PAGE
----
18. 18. 15SEE THE LAUNCH VIDEO UPGRADE TO WINDOWS 10 SHOWCASE CLASSROOM Looking forward to September, Old Buckenham High School has been able to move to a flexible IT system which can expand with changes in teaching and learning. BYOD is a still a buzz word in education and Old Buckenham High now have the facility to provision student devices. Our student’s world moves considerably quicker than schools, that’s for sure. Really if we are going to provide World Skills for our students we really must make a big step forward with our technology to close the gap. Old Buckenham High School have been able to do this for wise decisions with Office 365 and the schools OVS licensing. They have matched this with the right device for teachers – Surface 3 and affordable information consuming device for students, the Linx tablets. My simple message is that if Old Buckenham High School can do it, then anyone can. Now is the time when the wide range of devices are available, the right platform is available and the right teaching tools are available – schools have never had this amount of choice before. ‘Schools have never had this much choice before.’ follow me on twitter @kevin_sait Find out more about the Old Buckenham and Wymondham story http://kevsait.wordpress.com Wymondham High Digital Leaders WYMONDHAM HIGH Showcase School 18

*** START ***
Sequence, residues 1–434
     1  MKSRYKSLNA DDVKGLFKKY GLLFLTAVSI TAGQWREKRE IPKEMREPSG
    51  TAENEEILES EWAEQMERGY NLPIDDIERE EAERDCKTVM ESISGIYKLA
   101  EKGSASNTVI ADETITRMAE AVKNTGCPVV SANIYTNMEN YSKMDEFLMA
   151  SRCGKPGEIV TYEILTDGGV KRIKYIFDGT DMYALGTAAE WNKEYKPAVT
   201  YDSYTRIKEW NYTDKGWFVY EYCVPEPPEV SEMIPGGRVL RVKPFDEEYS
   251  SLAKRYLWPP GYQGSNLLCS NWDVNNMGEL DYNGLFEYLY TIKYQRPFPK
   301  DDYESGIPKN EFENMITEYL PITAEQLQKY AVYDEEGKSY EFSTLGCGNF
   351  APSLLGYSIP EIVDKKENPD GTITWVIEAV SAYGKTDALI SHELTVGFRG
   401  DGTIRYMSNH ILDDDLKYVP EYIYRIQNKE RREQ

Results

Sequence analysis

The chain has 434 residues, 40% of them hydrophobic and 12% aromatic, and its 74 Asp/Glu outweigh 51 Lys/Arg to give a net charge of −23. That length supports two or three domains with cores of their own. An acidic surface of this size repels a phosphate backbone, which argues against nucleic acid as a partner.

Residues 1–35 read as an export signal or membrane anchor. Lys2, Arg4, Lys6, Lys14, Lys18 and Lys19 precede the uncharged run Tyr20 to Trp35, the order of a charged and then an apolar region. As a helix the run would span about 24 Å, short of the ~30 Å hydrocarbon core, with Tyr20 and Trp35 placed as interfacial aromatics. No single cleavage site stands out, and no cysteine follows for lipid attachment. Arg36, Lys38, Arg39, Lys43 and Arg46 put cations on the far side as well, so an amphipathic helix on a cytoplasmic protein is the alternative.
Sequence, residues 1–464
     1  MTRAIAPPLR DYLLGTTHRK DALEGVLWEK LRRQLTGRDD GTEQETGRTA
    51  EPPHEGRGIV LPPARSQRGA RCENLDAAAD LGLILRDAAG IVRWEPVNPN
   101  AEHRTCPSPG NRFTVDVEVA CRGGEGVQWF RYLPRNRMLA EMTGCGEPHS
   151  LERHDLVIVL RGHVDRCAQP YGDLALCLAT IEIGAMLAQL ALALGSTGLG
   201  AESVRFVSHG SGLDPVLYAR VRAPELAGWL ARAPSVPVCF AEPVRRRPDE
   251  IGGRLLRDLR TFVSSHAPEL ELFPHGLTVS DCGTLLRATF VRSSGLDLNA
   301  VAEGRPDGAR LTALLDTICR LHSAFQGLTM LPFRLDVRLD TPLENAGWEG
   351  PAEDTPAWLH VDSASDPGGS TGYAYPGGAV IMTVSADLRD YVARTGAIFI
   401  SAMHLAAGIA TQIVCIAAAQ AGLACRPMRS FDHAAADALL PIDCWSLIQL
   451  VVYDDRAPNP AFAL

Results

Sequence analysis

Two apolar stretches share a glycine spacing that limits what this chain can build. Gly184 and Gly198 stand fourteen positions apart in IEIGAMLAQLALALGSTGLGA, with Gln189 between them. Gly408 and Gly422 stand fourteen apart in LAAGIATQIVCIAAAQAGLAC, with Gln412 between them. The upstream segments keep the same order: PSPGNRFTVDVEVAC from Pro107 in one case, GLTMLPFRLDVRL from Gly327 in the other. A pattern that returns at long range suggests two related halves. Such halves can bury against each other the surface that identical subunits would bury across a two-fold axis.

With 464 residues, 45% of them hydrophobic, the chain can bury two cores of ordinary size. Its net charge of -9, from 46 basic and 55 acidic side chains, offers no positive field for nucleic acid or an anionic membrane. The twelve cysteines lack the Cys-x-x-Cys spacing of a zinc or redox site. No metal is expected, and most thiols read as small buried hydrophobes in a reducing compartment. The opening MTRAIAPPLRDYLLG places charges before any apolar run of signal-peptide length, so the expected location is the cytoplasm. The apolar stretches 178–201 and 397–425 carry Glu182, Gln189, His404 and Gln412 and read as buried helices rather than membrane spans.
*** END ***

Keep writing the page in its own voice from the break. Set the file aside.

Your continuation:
19. 19. ➜ Scottish Government and Microsoft have been investing heavily to make the Glow 365 Platform do the business for Scottish teaching and learning. In an era of Cloud First, Mobile First, the vision of creating a truly collaborative environment is closer than you think. MIEE Report: Available now through 19